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A recent risk assessment has determined that Red Clay Renovations should adopt a formalized security program to help protect our IT infrastructure. This paper describes how the IT Security Control framework is set up and how Red Clay can utilize it to mitigate risk. Since we already have a start in using the NIST SP-800-18, Guide for Developing Security Plans for Federal Information Systems, we will continue to pull from this valuable resource. Similar to financial controls, the NIST controls allow for us to direct, monitor, and measure our efforts (bcorporation.net).
NISP SP 800-53 specifies these controls and breaks them down into groups called families and further into sub-families. Each family is a is a member of the Management, Operational, or Technical classes. The Management class of controls focus on the management of the information system as well as the risk. Red Clay management would benefit from these controls as they would lay the framework for their duties in securing our IT infrastructure. The Operational class of controls focus on how people interact with systems or groups of systems and usually incorporates the other two classes. These controls would help create a secure structure around what we want our employees to be doing when it comes to secure computing. The Technical class of controls focus on computer controls that prevent unwanted access or misuse of data. These controls would prevent our employees from accidentally or maliciously destroying data (Swanson, Hash, & Brown, 2006).
To get a better understanding of these controls we should look into a few that will positively impact Red Clay. The family control Planning falls under the management controls class and would provide a framework for managers to build their plans from. Central Management is a sub-family control of the Planning family and provides guidelines on how to centralize security efforts for things such as continuous monitoring. Security Planning and Policy Procedures is another sub-family control that will assist our management team in identifying all the policies required for a successful risk mitigation strategy.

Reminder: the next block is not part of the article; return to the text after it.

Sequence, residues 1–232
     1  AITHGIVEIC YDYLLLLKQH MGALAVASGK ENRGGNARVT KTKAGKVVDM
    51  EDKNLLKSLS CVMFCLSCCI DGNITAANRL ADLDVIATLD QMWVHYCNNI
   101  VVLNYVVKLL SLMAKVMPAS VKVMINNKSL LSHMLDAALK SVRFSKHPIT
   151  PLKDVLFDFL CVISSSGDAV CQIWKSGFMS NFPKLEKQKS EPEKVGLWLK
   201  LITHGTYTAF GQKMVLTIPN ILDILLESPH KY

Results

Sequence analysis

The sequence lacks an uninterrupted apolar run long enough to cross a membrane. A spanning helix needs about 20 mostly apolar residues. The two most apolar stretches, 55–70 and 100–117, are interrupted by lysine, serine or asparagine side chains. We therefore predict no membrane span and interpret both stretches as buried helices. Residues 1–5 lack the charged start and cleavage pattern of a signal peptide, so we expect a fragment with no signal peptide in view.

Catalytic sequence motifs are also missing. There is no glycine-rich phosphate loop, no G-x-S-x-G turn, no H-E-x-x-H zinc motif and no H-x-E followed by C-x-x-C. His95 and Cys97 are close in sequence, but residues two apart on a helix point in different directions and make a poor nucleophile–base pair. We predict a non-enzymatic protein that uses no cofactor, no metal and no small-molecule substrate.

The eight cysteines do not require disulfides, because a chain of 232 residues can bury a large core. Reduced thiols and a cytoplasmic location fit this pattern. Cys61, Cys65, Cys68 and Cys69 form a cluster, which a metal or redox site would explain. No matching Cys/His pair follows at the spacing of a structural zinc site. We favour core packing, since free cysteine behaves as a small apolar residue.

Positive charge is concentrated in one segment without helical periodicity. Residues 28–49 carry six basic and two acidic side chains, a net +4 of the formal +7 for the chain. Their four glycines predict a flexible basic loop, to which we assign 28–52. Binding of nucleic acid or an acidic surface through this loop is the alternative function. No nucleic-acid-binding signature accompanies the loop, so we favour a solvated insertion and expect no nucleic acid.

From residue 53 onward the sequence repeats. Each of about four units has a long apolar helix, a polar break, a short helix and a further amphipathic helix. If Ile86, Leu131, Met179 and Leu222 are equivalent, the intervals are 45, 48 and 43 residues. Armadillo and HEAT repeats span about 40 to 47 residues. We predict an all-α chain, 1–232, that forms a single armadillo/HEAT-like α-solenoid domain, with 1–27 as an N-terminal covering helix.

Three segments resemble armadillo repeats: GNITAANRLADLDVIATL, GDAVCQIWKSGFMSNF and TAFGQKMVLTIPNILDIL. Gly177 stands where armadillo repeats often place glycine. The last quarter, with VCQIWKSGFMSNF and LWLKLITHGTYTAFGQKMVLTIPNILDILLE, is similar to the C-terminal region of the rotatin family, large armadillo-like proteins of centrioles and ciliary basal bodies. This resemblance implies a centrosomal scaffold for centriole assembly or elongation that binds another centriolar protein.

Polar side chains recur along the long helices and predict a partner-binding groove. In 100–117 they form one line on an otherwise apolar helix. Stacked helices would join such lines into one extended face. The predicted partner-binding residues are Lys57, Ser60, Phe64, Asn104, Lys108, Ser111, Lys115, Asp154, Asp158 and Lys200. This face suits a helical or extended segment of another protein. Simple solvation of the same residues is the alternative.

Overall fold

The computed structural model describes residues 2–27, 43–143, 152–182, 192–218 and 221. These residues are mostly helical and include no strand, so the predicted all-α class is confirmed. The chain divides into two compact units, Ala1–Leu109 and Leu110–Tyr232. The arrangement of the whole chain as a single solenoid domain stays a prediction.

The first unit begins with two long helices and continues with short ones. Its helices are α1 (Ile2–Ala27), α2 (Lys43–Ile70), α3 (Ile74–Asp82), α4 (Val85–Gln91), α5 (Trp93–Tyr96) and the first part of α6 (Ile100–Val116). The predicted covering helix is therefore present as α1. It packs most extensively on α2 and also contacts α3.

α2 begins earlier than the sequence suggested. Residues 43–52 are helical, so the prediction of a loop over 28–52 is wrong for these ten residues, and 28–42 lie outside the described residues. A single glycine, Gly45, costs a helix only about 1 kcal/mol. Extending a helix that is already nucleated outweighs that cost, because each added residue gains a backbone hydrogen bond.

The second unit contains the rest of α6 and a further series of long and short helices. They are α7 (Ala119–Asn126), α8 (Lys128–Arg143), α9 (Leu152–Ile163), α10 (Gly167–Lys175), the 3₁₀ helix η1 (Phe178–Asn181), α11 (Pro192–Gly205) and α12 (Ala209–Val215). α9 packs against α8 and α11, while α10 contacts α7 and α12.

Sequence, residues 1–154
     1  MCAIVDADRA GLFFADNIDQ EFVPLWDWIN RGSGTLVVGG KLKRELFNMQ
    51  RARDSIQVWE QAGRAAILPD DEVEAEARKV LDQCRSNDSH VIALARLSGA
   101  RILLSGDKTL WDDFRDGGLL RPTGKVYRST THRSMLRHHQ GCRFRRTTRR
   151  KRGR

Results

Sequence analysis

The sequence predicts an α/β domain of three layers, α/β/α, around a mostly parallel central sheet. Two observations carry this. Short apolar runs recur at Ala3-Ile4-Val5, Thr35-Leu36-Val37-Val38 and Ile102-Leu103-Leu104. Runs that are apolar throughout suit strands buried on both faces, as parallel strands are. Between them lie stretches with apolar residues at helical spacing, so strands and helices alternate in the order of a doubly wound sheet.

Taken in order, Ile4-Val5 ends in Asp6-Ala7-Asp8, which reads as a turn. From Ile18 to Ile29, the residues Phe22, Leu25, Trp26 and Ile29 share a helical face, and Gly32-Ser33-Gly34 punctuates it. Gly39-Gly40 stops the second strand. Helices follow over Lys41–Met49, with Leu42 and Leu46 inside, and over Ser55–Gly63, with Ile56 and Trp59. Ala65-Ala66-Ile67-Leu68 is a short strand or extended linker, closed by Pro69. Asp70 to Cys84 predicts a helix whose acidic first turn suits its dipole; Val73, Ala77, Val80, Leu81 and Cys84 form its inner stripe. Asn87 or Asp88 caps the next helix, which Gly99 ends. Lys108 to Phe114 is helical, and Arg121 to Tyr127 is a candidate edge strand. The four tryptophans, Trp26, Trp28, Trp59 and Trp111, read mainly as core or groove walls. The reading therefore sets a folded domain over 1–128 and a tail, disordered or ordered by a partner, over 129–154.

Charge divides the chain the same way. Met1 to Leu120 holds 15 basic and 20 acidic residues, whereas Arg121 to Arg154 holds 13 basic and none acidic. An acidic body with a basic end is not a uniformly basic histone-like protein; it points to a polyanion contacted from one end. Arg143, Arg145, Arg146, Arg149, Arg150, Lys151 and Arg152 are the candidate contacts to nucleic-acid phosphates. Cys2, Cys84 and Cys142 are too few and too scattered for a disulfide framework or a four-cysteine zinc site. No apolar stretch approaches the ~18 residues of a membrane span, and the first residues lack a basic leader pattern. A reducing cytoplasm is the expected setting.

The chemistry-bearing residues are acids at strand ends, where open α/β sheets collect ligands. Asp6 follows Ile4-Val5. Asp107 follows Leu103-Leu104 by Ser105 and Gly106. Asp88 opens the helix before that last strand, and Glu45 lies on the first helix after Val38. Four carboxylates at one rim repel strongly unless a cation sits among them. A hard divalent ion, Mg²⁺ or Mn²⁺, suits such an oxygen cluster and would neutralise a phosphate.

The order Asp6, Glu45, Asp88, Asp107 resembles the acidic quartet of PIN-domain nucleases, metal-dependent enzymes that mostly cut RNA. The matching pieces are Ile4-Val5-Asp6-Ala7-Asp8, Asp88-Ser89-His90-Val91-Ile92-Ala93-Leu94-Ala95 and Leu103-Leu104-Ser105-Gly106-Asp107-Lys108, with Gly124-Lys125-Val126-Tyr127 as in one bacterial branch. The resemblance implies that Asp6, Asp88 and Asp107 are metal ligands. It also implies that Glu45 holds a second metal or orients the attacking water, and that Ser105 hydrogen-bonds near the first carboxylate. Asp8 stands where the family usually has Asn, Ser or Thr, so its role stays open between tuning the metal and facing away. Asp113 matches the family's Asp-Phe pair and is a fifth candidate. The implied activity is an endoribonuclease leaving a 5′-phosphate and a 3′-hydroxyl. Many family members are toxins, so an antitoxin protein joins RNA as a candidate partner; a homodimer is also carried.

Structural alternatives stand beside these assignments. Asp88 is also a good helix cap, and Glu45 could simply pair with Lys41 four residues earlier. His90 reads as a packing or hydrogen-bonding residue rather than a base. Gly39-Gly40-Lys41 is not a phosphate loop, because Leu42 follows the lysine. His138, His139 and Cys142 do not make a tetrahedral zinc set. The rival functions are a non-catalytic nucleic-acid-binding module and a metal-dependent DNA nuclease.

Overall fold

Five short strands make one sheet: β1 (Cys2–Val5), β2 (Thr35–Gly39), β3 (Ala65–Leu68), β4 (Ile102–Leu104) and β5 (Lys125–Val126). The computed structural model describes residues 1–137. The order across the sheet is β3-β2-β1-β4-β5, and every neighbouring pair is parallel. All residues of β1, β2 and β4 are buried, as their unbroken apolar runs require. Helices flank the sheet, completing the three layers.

The Technical Control class contains many family controls that Red Clay could benefit from. Specifically, the Access Controls family contains the very thorough Account Management control as well as the Access Enforcement control. Red Clay already conducts account management, but implementing this structured control will help our IT team enforce the policy preventing accidental or malicious deviations from our risk mitigation plans. The access enforcement control will further this endeavor by ensuring Red Clay has a plan for revoking access once it is no longer needed.
The Operational Control contains many controls as well. Perhaps the most important control is the Awareness and Training family control. This control contains the sub controls Security Awareness Training and Security Training Records. Without these controls to help our team train our employees we will have already lost the fight against our adversaries. According to the control, conducting training should be part of the initial onboarding process, when information systems change, and on a routine basis thereafter (NIST JOINT TASK FORCE TRANSFORMATION INITIATIVE, 2013). Securing training records provides our legal team the power they need when litigation issues arise surrounding misuse of information systems.
These are just a few examples of how incorporating a formal security framework can help Red Clay bolster our security and provide our stakeholders the understanding that we are conducting our due diligence. We should implement this as soon as possible to prevent needless risk from damaging our company.